Celebrated on May 31st
It’s a universal sign of happiness: While hand shakes, hugs, and bows all have varying meanings across cultures, smiling is known around the world and in all cultures as a sign of happiness and acceptance. Smiles are contagious: It’s not just a saying: smiling really is contagious, scientists say. In a study conducted in Sweden, people had difficulty frowning when they looked at other subjects who were smiling, and their muscles twitched into smiles all on their own.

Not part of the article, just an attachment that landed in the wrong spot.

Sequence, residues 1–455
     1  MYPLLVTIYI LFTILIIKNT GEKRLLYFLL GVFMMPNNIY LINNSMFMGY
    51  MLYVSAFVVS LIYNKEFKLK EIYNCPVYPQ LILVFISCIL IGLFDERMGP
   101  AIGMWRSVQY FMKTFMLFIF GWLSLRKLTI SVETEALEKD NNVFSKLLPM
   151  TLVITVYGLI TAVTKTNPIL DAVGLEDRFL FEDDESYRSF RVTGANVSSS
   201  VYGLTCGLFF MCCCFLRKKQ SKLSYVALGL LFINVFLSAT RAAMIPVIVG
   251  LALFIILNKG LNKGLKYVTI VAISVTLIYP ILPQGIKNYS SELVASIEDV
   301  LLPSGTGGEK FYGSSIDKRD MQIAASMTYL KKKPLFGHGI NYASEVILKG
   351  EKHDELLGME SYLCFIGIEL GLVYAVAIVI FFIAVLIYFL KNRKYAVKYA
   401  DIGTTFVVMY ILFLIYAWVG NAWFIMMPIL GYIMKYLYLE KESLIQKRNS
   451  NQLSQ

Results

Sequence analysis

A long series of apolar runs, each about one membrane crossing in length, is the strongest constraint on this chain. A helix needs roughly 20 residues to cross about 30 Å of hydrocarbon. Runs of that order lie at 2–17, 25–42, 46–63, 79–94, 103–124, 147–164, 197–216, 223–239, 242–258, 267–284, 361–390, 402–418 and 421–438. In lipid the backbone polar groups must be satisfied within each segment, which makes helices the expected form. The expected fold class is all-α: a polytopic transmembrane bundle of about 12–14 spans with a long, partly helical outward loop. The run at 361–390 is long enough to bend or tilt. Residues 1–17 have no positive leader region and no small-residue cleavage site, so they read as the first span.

Newborns are able to smile. Most people think it takes a few weeks for that first smile, which is true if you do not count smiles in their sleep. Babies start smiling in their sleep as soon as they are born. It makes you wonder what kinds of things a newborn has to smile about, right?
We still smile at work: While we smile less at work than we do at home, 30% of subjects in a research study smiled five to 20 times a day, and 28% smiled over 20 times per day at the office. Smiles use from 5 to 53 facial muscles: Just smiling can require your body to use up to 53 muscles, but some smiles only use 5 muscle movements.